Rogue Community College President Cathy Kemper-Pelle was recently interviewed for the “Innovation in Education” radio program on KMED FM 106.7. Kemper-Pelle discussed Rogue’s efforts to build strong community and business partnerships, the college’s strategic plan and upcoming capital improvement projects. For the complete interview, listen on YouTube or read the transcript here:
Greetings Southern Oregon, this is Julie Niles-Fry with “Innovation in Education” brought to you by Logos Public Charter School. It is great to be with you this morning where we bring youth and career together, working with businesses all over Southern Oregon to ensure that our youth are well placed into the economic environment here in Southern Oregon and have a future here to help us and our businesses grow.
Today my interview is going to be with Dr. Cathy Kemper-Pelle from RCC, and she’s been with RCC for, well, I think over a year now but we’re going to investigate with the doctor what exactly is RCC doing and how are they integrating youth, younger and younger, into the college system so that they are more prepared for the workplace. Good morning, Cathy.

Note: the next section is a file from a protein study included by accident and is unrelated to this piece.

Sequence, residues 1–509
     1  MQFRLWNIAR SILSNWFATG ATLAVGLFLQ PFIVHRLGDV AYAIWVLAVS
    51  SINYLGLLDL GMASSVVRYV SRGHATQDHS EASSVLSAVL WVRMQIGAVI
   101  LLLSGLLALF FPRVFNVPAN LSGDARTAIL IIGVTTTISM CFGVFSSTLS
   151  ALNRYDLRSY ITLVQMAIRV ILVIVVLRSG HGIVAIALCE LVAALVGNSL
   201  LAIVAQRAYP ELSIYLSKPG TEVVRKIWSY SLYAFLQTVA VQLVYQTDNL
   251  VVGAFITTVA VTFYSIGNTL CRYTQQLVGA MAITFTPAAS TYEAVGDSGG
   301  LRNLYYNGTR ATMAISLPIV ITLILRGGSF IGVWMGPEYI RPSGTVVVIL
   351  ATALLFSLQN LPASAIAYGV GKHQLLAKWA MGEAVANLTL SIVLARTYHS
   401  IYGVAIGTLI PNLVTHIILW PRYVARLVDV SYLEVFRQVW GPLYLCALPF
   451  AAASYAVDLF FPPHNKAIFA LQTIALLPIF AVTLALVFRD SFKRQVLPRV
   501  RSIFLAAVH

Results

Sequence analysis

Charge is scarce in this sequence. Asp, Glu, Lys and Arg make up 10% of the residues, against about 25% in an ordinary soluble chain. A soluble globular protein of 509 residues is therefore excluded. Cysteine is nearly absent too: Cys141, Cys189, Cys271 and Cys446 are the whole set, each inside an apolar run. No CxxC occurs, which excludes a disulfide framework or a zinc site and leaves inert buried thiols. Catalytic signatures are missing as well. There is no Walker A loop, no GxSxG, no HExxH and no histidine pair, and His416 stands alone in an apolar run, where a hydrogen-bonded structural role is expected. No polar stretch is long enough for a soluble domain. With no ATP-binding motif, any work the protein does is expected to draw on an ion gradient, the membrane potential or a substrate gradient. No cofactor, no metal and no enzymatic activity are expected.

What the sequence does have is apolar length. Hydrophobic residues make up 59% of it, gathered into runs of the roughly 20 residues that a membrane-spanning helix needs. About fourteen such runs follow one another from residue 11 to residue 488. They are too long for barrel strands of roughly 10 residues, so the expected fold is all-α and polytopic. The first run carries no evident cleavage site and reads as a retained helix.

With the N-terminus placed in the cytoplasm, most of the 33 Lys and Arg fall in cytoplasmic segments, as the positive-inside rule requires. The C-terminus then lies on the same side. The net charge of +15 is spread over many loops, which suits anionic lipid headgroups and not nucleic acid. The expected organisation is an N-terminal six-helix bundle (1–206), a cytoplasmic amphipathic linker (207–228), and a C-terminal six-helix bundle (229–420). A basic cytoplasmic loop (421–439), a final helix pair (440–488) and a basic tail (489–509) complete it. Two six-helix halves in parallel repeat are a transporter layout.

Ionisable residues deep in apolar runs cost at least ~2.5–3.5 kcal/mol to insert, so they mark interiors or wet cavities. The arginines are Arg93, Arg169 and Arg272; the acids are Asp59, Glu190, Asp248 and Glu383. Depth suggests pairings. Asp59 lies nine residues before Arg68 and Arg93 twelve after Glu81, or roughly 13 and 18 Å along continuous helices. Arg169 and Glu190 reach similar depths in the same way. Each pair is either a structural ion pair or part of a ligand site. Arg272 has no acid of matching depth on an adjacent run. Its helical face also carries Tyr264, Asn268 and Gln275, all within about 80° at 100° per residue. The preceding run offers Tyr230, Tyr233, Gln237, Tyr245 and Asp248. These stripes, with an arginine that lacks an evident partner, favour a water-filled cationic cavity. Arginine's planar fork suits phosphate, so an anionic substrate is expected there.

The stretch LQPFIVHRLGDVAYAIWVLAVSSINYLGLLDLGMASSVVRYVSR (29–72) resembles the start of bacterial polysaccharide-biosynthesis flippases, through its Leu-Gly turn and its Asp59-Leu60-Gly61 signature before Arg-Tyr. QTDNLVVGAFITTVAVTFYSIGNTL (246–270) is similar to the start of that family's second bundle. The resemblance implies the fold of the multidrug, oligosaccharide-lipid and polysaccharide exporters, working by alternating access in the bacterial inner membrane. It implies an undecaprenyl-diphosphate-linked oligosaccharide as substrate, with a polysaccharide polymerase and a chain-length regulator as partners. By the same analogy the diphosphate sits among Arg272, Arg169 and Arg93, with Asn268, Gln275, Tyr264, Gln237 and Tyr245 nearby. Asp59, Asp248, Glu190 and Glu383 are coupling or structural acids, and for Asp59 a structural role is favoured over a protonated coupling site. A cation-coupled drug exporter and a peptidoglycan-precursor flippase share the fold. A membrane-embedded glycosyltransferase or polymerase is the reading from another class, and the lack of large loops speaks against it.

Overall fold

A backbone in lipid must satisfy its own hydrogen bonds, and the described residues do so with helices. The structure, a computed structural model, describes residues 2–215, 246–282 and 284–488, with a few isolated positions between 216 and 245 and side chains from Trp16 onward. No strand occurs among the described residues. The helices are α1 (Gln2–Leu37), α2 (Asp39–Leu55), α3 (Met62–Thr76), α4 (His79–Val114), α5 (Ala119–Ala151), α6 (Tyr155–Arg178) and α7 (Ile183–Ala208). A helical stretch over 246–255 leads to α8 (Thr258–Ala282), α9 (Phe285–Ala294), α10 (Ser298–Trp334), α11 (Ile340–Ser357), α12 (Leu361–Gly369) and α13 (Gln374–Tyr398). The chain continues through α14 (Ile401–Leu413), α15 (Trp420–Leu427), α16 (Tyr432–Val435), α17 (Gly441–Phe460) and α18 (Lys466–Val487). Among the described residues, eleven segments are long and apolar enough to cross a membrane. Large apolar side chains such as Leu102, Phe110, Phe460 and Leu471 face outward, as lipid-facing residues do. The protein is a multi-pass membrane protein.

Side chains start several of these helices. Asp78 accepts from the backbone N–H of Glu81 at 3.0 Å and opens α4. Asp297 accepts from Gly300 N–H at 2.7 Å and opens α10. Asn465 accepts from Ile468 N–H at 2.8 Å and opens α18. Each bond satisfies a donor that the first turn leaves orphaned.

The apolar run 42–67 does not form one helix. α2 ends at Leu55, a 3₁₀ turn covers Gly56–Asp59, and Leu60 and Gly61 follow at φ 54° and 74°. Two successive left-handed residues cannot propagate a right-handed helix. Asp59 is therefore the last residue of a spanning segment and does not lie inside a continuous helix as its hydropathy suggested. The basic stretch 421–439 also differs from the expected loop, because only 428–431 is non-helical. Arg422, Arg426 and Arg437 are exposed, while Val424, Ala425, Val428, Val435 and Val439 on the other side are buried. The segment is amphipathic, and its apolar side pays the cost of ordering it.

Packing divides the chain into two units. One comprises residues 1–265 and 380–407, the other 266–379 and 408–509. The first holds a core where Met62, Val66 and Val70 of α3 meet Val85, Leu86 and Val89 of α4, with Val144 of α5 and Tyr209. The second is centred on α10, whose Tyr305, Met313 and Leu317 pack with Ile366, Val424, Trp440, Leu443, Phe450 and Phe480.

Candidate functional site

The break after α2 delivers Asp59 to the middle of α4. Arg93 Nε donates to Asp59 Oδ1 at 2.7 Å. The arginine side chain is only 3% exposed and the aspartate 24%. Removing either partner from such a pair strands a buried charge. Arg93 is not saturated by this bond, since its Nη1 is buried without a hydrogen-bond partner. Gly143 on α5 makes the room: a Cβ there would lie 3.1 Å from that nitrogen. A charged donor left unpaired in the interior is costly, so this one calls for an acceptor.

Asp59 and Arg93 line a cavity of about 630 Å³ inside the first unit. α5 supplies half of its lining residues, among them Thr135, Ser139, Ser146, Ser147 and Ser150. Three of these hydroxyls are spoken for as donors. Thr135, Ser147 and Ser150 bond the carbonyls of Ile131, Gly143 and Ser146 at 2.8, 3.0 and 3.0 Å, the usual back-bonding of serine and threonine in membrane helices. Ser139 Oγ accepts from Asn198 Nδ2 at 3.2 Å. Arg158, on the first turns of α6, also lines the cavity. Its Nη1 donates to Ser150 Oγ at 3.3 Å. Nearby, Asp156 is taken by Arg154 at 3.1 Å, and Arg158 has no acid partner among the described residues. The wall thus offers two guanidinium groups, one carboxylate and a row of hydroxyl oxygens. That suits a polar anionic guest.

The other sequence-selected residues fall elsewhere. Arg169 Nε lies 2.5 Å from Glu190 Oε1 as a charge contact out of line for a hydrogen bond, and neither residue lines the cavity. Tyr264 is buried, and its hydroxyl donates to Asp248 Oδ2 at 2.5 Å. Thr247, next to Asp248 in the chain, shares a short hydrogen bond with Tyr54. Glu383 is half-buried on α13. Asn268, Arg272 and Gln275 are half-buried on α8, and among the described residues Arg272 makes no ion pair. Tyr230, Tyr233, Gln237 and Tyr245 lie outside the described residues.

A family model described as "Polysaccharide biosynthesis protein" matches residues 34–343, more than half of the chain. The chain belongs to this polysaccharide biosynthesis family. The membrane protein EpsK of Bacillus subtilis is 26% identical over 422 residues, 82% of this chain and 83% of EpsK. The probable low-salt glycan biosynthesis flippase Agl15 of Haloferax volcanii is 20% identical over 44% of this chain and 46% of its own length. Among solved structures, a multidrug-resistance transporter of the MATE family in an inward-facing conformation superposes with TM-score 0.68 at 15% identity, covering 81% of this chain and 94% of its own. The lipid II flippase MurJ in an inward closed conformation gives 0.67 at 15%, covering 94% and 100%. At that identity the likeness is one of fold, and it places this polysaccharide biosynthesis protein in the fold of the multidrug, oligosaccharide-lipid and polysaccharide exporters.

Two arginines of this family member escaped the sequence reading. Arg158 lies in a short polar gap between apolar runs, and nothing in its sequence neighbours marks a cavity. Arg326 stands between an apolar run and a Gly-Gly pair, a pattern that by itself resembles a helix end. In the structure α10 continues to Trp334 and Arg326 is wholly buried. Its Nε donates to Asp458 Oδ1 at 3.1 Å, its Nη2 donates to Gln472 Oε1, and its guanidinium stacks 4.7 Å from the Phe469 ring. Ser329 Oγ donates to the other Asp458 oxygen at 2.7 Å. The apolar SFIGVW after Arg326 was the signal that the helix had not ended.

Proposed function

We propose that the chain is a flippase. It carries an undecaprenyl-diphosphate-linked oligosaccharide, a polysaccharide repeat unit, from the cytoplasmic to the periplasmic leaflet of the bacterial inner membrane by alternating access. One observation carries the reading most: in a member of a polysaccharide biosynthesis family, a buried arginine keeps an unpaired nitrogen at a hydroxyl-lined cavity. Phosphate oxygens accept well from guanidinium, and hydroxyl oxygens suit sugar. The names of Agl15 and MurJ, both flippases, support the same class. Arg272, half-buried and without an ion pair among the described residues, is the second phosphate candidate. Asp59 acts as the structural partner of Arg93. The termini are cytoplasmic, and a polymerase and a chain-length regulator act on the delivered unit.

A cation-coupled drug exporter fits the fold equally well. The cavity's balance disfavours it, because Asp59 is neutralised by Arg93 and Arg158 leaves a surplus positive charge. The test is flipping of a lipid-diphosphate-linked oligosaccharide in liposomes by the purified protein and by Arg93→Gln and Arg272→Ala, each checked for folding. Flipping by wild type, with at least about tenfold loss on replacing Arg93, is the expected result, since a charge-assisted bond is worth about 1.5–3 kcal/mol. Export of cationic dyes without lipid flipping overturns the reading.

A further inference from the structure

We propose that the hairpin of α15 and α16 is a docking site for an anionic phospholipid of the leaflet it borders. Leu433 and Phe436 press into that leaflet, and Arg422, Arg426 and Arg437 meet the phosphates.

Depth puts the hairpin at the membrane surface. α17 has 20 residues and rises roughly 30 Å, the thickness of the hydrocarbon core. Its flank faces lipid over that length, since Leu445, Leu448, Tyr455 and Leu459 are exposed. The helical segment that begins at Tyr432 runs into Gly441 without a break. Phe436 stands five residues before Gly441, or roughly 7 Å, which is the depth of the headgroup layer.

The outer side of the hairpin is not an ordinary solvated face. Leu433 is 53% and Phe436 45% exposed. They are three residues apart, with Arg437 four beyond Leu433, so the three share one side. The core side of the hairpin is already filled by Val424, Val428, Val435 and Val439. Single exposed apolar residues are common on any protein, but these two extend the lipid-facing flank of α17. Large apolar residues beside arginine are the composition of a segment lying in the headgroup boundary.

Kemper-Pelle: Good morning, Julie.
Niles-Fry: Thank you. Good to be with you. I’m so glad that you came.
Kemper-Pelle: Great to be here, thanks for inviting me.
Niles-Fry: So I think we all want to know, how long have you been with RCC now?
Kemper-Pelle: My one-year anniversary was July 1.
Niles-Fry: That’s what I thought, it was really recent. And what brought you to Southern Oregon, can you tell us a little about yourself?
Kemper-Pelle: Sure, most of my community college career has been in Texas. I started off as a biology faculty member and worked my way up to department chair, dean, eventually vice president of instruction. I was at three different community colleges in the greater Houston area over the course of my career. My husband and I have always wanted to live in the Pacific Northwest, and when I started looking for presidential opportunities, I stopped using Texas borders as my guideline and I started looking at the characteristics of the college that I wanted to be at rather than geography and Rogue popped up on the radar very early.
Niles-Fry: What characteristics did they have that inspired you?
Kemper-Pelle: Very student focused, a reputation for being student-focused. A reputation for being fiscally responsible. A reputation amongst their state colleagues as being a well-run, well-respected institution. A good reputation in the community.